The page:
Kipruto trains in one of the strongest groups in Kenya. His training partners include the last two Boston champs, Benson Kipruto and Evans Chebet. Both are running fall marathons (Chicago for Kipruto, NYC for Chebet) and have been keeping up with Amos Kipruto in training.

Fill out the shoe survey and we will enter you into a drawing a free pair of shoes.

“I’m expecting good things,” Berardelli said.

Quick Take: Kenya > Ethiopia (on the men’s side)

Kipruto’s win means Kenya has now won all four World Marathon Majors so far in 2022 on the men’s side (Kipchoge won Tokyo and Berlin, Evans Chebet won Boston). Could a Kenyan man win Chicago and New York and complete the sweep?

That’s TBD. But Kenyan fans will be overjoyed with this victory. There were seven men in the elite field with a realistic shot at winning: five Ethiopians, Bashir Abdi of Belgium, and Kipruto. For the lone Kenyan in the field to beat all of the Ethiopians is a big deal.

“It means a lot to me,” Kipruto said. “It gives me a lot of morale now.”

Quick Take: Another third-place finish for the “Bronze Man”

Bashir Abdi has become known as the “Bronze Man” after his bronze medals at the 2021 Olympics and 2022 Worlds, and he couldn’t help but smile after today’s race as he was 3rd again in 2:05:19. Abdi wants to win a major eventually, not just finish on the podium, but said he still felt tired after Worlds 11 weeks ago and was therefore proud to post another strong result today.

“It’s been a very long season,” Abdi said. “I was not fresh today, so I’m happy to close my season with a third-place here in London.”

Quick Take: Bekele said injuries limited his preparation, but was still disappointed not to run better

Bekele said earlier this week that he missed some training ahead of last month’s Great North Run. He revealed today that, starting about three months ago, he was forced to take six weeks off due to injury to his back and “joints” (he pointed to his knee). Still, Bekele, who ran with the leaders through 30k before falling back, was disappointed to take 5th in 2:05:53.

“Of course, I’m not really happy,” Bekele said. “But it’s okay. This preparation is short preparation. I couldn’t expect this result. I expect better even if the preparation is short. I know my talent, I know my capacity.”

Bekele was also asked about the next time he will race Kipchoge – a matchup that had the marathon world salivating in London in 2020 before Bekele withdrew on the eve of the race. Bekele, more than three years removed from his 2:01:41 in Berlin, admitted that there is no point hyping up a Bekele-Kipchoge race until he accomplishes something to merit that hype.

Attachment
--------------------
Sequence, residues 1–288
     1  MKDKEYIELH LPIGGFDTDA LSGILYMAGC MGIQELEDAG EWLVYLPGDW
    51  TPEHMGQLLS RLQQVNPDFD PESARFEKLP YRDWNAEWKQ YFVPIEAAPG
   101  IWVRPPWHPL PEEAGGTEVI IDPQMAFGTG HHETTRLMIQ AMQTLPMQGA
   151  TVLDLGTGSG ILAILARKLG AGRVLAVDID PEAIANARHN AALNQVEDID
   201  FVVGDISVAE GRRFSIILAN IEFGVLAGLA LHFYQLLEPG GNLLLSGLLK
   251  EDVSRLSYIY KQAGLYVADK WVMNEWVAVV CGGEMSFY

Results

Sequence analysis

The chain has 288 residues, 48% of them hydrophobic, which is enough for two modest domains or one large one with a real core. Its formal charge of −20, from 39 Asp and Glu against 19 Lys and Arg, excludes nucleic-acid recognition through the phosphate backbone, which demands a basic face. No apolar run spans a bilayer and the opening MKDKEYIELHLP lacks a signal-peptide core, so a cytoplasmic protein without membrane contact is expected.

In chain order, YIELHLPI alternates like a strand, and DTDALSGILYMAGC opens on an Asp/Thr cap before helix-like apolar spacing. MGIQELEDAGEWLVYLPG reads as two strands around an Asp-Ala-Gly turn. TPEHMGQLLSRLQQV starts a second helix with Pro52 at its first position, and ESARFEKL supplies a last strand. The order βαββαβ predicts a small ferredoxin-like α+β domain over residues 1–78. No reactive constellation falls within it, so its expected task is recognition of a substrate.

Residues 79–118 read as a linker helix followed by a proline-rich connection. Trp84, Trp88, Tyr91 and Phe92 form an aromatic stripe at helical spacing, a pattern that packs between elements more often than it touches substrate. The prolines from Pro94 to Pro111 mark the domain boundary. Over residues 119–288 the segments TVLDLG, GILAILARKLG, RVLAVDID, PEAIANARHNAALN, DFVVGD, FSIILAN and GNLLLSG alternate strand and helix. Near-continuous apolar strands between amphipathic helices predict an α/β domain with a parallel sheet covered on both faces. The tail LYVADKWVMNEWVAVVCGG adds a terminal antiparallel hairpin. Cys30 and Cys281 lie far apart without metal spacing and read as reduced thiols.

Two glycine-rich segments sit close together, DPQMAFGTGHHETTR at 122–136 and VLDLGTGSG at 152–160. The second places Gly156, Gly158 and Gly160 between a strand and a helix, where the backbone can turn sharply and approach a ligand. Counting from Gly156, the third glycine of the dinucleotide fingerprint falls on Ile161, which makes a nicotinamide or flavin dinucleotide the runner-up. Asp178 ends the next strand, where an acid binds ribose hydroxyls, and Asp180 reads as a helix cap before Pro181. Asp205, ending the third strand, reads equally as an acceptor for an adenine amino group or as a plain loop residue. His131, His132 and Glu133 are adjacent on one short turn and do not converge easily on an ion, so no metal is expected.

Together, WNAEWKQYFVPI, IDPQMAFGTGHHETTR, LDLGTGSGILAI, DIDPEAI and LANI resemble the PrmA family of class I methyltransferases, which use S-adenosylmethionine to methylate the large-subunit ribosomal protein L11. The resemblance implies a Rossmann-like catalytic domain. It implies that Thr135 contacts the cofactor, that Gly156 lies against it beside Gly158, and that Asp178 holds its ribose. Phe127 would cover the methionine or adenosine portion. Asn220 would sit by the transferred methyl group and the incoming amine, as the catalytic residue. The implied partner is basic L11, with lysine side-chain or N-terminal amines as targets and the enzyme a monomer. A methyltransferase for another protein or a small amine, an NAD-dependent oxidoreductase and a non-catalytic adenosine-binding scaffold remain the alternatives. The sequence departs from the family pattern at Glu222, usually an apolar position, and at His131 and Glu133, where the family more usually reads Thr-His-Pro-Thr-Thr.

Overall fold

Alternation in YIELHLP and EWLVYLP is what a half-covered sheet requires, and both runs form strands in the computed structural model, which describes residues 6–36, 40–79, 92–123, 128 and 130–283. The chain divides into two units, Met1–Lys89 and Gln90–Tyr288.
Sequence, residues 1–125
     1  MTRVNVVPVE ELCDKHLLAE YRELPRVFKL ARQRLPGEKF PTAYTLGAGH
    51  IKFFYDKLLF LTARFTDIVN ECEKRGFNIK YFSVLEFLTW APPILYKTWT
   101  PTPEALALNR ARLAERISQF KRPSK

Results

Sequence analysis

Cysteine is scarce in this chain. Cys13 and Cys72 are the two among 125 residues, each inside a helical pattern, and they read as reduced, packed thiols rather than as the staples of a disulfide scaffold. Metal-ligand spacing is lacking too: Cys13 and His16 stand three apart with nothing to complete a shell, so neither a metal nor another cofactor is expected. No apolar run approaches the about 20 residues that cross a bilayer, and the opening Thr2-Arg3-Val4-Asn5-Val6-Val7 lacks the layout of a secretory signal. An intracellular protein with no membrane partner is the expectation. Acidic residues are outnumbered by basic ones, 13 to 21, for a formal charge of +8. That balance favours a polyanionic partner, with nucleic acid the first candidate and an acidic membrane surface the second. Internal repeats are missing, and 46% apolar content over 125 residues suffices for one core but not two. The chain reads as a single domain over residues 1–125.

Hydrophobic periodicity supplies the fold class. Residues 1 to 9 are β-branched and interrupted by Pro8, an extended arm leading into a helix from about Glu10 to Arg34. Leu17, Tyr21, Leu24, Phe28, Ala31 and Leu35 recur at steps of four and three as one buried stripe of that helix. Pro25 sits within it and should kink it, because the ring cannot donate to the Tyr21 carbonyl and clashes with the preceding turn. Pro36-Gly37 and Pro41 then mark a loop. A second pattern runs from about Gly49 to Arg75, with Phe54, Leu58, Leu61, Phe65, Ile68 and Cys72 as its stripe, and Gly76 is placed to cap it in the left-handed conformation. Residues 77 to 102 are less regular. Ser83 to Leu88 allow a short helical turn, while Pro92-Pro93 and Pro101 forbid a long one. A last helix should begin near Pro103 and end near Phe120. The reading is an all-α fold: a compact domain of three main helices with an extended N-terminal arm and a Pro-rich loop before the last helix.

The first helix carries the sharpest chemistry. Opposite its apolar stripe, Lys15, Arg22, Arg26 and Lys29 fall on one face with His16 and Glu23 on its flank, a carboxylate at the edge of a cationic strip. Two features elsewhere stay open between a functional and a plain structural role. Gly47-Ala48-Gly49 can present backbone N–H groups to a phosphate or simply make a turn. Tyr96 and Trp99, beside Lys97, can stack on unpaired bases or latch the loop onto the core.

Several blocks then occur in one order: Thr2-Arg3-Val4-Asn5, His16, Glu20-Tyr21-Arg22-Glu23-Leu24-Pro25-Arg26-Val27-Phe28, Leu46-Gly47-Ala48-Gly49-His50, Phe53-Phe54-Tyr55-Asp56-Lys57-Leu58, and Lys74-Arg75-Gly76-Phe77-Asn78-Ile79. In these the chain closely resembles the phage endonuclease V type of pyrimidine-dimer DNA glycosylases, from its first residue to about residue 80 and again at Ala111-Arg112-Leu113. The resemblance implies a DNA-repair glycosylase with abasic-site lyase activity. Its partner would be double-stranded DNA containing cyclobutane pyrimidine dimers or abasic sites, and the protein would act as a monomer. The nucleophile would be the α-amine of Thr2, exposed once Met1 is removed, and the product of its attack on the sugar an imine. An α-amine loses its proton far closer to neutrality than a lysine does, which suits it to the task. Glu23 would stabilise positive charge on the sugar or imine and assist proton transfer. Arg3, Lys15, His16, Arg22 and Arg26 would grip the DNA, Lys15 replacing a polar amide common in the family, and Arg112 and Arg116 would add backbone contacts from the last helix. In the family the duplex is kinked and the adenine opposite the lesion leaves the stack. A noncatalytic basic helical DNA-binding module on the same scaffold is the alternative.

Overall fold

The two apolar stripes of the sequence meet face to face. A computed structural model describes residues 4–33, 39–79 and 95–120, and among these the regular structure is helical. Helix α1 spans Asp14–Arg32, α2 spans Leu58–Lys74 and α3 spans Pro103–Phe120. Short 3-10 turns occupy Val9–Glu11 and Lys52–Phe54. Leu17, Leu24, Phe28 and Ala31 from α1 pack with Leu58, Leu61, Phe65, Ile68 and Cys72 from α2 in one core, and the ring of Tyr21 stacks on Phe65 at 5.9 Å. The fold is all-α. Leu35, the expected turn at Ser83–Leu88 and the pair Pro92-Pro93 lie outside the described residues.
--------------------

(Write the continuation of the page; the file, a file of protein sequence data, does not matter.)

“First I have to show something,” Bekele said. “To say I will meet Kipchoge on this time or that, before that, I have to run a fast time. I have to check myself. This is not enough, now.”

Quick Take: Brett Robinson runs 2:09:52 pb but still searching for answers for rib problem

Brett Robinson and his coach Nic Bideau believe he has the potential to run the fastest marathon ever by an Australian (currently 2:07:51 by Rob de Castella in Boston all the way back in 1986). After all, Robinson has run 59:57 for the half – almost a minute faster than any other Australian.

The problem is, when Robinson gets deep into a marathon, he always develops a pain in his ribs, similar to a cramp, even though it’s something he never experiences in training. It has been so consistent in his races that it has even infected his subconscious.

“I’m kind of the whole marathon just waiting to see if it happens or not,” Robinson said. “Even two nights ago, I was dreaming about it.”

Robinson and Bideau have tried everything to solve it, including flying to Portland for new exercises in this buildup with strength coach David McHenry, but shortly after 25k (which Robinson passed on pace for 2:08:38), the pain struck again. Robinson was able to fight through it and still run a 63-second pb of 2:09:52 in 8th, becoming the sixth Australian to break 2:10. But the rib issue continues to hold Robinson back from the major breakthrough he believes he is capable of.

Talk about 2022 London on our world-famos fan forum / messageboard

Mile by mile splits for Evans Kipruto

Mile1 0:04:47 4:47
Mile2 0:09:33 4:46
Mile3 0:14:17 4:44
Mile4 18:55 4:38
Mile5 0:23:35 4:40
Mile6 028:25 4:50
Mile7 0:33:08 4:43
Mile8 0:37:56 4:48
Mile9 0:42:41 4:45
Mile10 0:47:27 4:46
Mile11 0:52:14 4:47
Mile12 0:57:01 4:47
Mile13 1:01:43 4:42
Mile14 1:06:22 4:39
Mile15 1:11:09 4:47
Mile16 1:15:58 4:49
Mile17 1:20:47 4:49
Mile18 1:25:37 4:50
Mile19 1:30:32 4:55
Mile20 1:35:36 5:04
Mile21 1:40:18 4:42
Mile22 1:45:12 4:54
Mile23 1:50:04 4:52
Mile24 1:54:40 4:36
Mile25 1:59:01 4:21
Mile26 2:03:38 4:37
Finish 2:04:39 1:01

The splits come from London organizers but they didn’t list splits for 4, 6, or 8 so we used the other leaders splits. They had no splits for any of the leaders at mile 15 so it is estimated.

Want More? Join The Supporters Club Today
Support independent journalism and get:
  • Exclusive Access to VIP Supporters Club Content
  • Bonus Podcasts Every Friday
  • Free Shirt (Annual Subscribers)
  • Exclusive Discounts
  • Enhanced Message Boards